Why Is Eradicating Typhoid Fever So Challenging: Implications for Vaccine and Therapeutic Design


Yi-An Yang, Alexander Chong, and Jeongmin Song.


Salmonella enterica serovar Typhi (S. Typhi) and S. Paratyphi, namely typhoidal Salmonellae, are the cause of (para) typhoid fever, which is a devastating systemic infectious disease in humans. In addition, the spread of multidrug-resistant (MDR) and extensively drug-resistant (XDR) S. Typhi in many low and middle-income countries poses a significant risk to human health. While currently available typhoid vaccines and therapeutics are efficacious, they have some limitations. This review discusses how scientists are trying to combat typhoid fever, why it is so challenging to do so, which approaches show promise, and what we know about the pathogenesis of S. Typhi chronic infection.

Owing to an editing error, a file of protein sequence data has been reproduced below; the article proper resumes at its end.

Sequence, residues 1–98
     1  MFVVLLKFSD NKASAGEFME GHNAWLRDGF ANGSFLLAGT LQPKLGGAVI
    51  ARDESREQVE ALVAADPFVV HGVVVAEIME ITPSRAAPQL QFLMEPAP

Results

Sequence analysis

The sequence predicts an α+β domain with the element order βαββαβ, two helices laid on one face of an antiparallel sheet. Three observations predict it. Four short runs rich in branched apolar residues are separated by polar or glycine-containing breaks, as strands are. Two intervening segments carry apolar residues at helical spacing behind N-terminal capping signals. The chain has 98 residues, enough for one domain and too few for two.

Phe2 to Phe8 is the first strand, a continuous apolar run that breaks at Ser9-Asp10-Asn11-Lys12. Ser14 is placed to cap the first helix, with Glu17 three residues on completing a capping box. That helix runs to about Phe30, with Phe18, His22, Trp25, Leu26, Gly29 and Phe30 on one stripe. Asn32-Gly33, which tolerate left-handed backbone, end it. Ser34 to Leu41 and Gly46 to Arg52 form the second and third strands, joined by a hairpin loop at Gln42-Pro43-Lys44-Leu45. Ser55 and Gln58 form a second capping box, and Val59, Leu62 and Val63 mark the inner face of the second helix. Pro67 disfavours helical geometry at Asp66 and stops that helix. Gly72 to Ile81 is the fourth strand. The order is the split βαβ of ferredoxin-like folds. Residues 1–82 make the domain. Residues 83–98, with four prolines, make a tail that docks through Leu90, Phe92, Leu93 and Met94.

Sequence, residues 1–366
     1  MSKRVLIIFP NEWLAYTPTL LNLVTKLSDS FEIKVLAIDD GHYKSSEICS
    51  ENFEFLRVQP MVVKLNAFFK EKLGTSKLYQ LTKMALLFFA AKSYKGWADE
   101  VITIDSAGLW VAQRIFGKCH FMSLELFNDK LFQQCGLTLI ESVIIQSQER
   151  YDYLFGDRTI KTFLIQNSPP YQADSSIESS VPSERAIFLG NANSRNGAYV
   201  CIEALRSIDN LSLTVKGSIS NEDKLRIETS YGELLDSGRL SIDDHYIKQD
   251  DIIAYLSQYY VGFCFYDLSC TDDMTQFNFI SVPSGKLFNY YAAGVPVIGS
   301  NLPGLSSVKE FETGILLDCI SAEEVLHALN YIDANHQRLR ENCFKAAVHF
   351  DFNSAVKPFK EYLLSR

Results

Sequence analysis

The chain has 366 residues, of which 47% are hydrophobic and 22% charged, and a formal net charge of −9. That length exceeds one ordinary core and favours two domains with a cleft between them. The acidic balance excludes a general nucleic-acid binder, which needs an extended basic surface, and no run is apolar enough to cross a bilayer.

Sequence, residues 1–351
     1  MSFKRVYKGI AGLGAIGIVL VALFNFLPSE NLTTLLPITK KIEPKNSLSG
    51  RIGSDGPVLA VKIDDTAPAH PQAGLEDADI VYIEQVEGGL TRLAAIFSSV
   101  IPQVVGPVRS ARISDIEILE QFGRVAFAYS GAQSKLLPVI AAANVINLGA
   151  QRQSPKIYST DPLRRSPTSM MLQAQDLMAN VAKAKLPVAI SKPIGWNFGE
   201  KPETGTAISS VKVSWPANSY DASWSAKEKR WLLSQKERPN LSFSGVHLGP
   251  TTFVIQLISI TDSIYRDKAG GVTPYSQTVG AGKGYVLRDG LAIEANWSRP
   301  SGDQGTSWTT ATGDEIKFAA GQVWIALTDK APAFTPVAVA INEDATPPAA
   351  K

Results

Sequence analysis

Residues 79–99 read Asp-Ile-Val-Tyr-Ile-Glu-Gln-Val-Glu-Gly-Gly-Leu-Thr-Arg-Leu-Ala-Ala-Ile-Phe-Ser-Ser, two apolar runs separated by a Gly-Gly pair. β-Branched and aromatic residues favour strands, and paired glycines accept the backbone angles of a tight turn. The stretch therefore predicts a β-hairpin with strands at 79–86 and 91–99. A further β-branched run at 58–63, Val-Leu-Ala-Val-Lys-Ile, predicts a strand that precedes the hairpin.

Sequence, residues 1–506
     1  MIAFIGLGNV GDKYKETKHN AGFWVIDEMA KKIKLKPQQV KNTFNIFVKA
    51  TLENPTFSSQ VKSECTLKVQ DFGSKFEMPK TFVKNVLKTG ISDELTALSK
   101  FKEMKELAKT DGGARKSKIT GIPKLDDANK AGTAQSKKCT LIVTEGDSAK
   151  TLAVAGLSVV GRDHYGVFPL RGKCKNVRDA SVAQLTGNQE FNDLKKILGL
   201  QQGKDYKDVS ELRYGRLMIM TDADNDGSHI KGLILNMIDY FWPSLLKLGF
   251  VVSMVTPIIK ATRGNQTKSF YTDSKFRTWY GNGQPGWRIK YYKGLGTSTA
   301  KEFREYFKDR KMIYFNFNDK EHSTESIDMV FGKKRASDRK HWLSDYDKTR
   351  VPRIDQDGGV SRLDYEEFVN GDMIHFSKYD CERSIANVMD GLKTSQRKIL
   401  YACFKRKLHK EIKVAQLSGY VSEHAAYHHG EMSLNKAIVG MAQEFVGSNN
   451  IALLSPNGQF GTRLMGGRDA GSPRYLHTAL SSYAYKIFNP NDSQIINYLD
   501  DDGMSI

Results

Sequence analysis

As an important initial step to contain and ultimately eradicate S. Typhi, we need to better understand the pathogenic mechanism by which S. Typhi establishes persistent and chronic infections, as it would offer insight into the rational design of improved vaccines and new therapies against S. Typhi infection.


Click here to view the article, published in Vaccines.